The article analyses the development of retirement conditions for older workers in Denmark in the context of flexicurity and the evolution of the pension system. It documents how a rise in the pension eligibility age has recently become the pivot of a long-standing strategy for higher employment, larger tax revenues and lower public expenses predicated on the expansion of labor supply through cuts in the access to welfare benefits. The Danish pension system is already designed to release extra tax revenues and lower public pension cost at the height of population ageing. By linking the pensionable age to developments in life expectancy, the Ministry of Finance seeks to neutralize a further good portion of the economic and budgetary effects of population ageing and thus create fiscal room for other spending. Yet, the expectation that the average retirement age will continue to rise in line with the ever-higher pension age is unrealistic. Instead, an expanding gap between the two is likely to develop. Hence, the fiscal room for maneuvering held out by the Ministry of Finance and counted on by Danish politicians is improbable.
As a part of an international extending working life trend, Norway recently raised the mandatory retirement age (MRA) from 70 to 72 years. This article discusses possible effects on managers’ attitudes and behaviour towards older workers. This is of particular interest because employers’ federations and central unions opposed the reform as they feared considerable negative consequences both for older workers and for employers. Data are collected by mixed methods. The Norwegian Senior Policy Barometer for the years 2013 through 2018 interviewed managers in 600 private sector companies each year. In addition, qualitative interviews were performed with managers and HR directors in 19 companies with employees 67 years and older. The results indicate that the fear of negative effects was exaggerated. We find no clear changes in the years around the implementation of the new MRA in the rather positive conceptions of older workers, in the more modest desire to recruit older workers, or in the reluctance to call applicants above 58 years of age in for interview. The government launched the reform to, in the long run, encourage higher employment in older age groups and to eliminate age discrimination in working life. To confirm or refute such changes requires further studies in the years to come.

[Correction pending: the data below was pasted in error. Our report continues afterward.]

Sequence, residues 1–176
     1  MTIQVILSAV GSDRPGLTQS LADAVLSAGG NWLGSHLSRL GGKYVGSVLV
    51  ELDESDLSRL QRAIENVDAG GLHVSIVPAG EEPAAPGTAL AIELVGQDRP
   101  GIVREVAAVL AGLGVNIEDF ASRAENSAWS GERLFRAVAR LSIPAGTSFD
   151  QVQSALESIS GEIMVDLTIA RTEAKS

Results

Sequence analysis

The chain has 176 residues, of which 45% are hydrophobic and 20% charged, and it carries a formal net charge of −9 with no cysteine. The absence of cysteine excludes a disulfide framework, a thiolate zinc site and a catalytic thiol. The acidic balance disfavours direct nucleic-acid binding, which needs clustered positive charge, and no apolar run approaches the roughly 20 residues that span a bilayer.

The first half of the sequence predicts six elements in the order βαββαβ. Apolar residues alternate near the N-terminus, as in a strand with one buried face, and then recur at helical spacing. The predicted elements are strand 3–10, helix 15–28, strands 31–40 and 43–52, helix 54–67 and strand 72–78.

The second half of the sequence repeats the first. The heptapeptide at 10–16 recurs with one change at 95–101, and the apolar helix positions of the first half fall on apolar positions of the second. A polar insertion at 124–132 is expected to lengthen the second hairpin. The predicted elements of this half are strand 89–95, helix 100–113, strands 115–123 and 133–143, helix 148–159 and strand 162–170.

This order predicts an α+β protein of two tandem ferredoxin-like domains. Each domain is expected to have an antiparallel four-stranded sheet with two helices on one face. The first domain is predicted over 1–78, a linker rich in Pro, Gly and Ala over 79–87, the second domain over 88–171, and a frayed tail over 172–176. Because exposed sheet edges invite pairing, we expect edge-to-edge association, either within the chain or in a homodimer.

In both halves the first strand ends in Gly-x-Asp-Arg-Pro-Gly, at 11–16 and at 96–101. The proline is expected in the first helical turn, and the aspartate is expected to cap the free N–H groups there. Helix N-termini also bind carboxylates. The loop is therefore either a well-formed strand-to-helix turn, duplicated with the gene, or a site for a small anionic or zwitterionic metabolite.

Nordisk välfärdsforskning | Nordic Welfare Research ble etablert i 2016 og publiserer artikler innen et bredt spekter av velferdspolitiske temaer om de nordiske velferdssamfunn, som levekår og livssituasjon i befolkningen, arbeidsliv og arbeidsinkludering, sosiale tjenester, omsorg, folkehelse og funksjonshemming.
Tidsskriftet utgis inntil fire ganger i året og inneholder fagfellevurderte artikler på dansk, engelsk, norsk og svensk. Språkene er likestilt.
Tidsskriftet har som mål å være et flerfaglig, vitenskapelig tidsskrift. Det publiserer forskningsbaserte artikler som bygger på empirisk og/eller teoretiske analyser av høy faglig kvalitet. Tidsskriftets målgrupper er forskere og akademikere, studenter, politiske og administrative beslutningstakere, profesjonsutøvere, interesseorganisasjoner, media og en bred allmennhet.
Sven Bremberg, Karolinska Institutet, Sverige
Trine Wulf-Andersen, Roskilde Universitet, Danmark
Snæfríður Þóra Egilson, Universitetet i Island, Island
Tom Kettunen, Helsingfors Universitet, Finland
John Eriksen, OsloMet og Fafo, Norge
Design: Type-it AS, Trondheim
Sats: Tekstflyt AS
Omslagsdesign: KORD / Sissel Tjernstad
ISSN online: 2464-4161
Tidsskriftet utgis av Universitetsforlaget AS (Scandinavian University Press) på vegne av Nordens välfärdscenter og Fafo Institutt for arbeidsliv- og velferdsforskning.
© Universitetsforlaget 2020 / Scandinavian University Press.